Bacteriology of Infection in Severe Acute Pancreatitis

  • Mohd T Noor Department of Gastroenterology, Postgraduate Institute of Medical Education and Research. Chandigarh, India
  • Yellapu Radhakrishna Department of Gastroenterology, Postgraduate Institute of Medical Education and Research. Chandigarh, India
  • Rakesh Kochhar Department of Gastroenterology, Postgraduate Institute of Medical Education and Research. Chandigarh, India
  • Pallab Ray Department of Microbiology, Postgraduate Institute of Medical Education and Research. Chandigarh, India
  • Jai Dev Wig Department of General Surgery, Postgraduate Institute of Medical Education and Research. Chandigarh, India
  • Saroj K Sinha Department of Gastroenterology, Postgraduate Institute of Medical Education and Research. Chandigarh, India
  • Kartar Singh Department of Gastroenterology, Postgraduate Institute of Medical Education and Research. Chandigarh, India
Keywords: Pancreatitis, Acute Necrotizing, Bacterial Infections, Bacteremia


Context Severe acute pancreatitis is associated with high mortality with infectious complications being the most common cause of mortality. Objective To analyze the prevalence and characteristics of pancreatic and extrapancreatic infection in patients with severe acute pancreatitis. Design Prospective study over a one-year period. Patients Fifty-one consecutive patients with severe acute pancreatitis. Setting Tertiary care centre, Northern India. Main outcome measures The presence of pancreatic and extrapancreatic infections were noted in consecutive patients with severe acute pancreatitis and their effect on disease outcome was assessed. Results Pancreatic infection was noted in 19 (37.3%) patients; 14 (27.5%) patients had monomicrobial and 5 (9.8%) patients had polymicrobial infections. In the first week of hospitalization, all positive 6/6 (100%) cultures grew Escherichia coli, in the second week 5/8 (62.5%) grew Escherichia coli while after the second week, 2/5 (40.0%) cultures grew Escherichia coli. A total of 32 (62.7%) patients had evidence of extrapancreatic infections, with 53 positive cultures. Fifteen (29.4%) patients had monomicrobial infections while 17 (33.3%) had polymicrobial infections. The most common site was blood together with intravenous site with 21 positive cultures in 16 patients. Staphylococcus aureus was most commonly isolated in the blood cultures. There was a statistically significant increase in mortality with pancreatic (P=0.003) and extrapancreatic (P=0.041) infections. The antibiotic sensitivity pattern showed that most of the bacteria were sensitive to beta lactum antibiotics, aminoglycosides and imipenem. Conclusion Pancreatic infections are more often monomicrobial with a shift from gram-negative to gram-positive as the pancreatitis progressed. Extrapancreatic infections are more often polymicrobial; most commonly, the blood stream is invaded by gram-positive bacteria.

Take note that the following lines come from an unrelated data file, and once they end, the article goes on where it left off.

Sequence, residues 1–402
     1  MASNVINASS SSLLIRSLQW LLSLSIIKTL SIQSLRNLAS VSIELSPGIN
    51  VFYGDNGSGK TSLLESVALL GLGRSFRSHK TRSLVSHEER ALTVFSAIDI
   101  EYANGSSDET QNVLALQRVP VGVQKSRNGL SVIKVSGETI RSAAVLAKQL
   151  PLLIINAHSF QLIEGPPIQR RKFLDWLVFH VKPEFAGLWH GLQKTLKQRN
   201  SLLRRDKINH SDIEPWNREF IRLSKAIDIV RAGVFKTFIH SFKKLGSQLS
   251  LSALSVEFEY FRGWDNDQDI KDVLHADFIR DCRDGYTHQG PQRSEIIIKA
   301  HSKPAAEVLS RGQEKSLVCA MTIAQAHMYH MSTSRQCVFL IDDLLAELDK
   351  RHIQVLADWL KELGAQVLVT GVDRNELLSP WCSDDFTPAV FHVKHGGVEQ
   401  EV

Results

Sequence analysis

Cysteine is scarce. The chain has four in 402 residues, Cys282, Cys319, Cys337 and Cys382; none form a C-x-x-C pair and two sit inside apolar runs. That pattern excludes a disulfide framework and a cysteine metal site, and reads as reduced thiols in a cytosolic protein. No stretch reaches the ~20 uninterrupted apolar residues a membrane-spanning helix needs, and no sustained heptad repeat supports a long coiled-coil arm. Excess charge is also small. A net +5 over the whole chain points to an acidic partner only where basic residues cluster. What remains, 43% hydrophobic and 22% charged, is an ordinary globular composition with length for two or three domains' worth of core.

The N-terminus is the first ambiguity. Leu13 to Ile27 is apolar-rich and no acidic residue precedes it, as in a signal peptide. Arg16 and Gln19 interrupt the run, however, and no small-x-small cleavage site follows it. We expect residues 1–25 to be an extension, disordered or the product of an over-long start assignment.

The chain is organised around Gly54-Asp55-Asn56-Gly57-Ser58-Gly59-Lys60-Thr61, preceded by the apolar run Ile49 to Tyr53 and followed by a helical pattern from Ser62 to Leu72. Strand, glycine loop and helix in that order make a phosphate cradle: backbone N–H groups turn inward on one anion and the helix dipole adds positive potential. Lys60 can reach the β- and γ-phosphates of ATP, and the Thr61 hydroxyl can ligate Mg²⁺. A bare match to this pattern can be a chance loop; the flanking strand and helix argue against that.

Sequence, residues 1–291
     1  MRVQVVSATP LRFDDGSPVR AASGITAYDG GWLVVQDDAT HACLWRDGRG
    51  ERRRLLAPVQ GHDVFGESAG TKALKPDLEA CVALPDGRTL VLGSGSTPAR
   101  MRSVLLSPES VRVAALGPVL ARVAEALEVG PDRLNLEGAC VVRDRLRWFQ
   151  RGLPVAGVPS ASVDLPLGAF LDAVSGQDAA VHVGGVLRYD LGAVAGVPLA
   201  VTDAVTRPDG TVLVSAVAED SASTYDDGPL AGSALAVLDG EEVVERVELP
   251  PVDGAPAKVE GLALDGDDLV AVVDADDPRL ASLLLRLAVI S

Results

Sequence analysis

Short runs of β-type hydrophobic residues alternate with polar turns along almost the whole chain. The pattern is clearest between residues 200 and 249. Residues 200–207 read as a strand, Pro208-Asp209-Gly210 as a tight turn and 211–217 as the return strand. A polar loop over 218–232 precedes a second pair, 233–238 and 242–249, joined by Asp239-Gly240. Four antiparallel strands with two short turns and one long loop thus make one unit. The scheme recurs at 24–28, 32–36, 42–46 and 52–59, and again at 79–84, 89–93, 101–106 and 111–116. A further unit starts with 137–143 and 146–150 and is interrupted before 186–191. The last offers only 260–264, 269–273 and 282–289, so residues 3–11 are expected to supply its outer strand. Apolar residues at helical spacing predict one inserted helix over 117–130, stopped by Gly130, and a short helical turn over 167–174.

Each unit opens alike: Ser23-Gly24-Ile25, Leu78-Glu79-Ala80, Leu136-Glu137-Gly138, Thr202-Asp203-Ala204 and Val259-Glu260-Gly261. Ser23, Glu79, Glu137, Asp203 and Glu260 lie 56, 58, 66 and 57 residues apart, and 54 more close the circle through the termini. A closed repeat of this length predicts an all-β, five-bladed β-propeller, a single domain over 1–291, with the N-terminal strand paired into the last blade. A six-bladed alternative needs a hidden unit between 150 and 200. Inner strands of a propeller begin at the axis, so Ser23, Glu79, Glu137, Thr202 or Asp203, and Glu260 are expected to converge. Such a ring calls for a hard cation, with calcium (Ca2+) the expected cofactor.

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Escherichia coli
How to Cite
NoorM., RadhakrishnaY., KochharR., RayP., WigJ., SinhaS., & SinghK. (2011). Bacteriology of Infection in Severe Acute Pancreatitis. JOP. Journal of the Pancreas, 12(1), 19-25.

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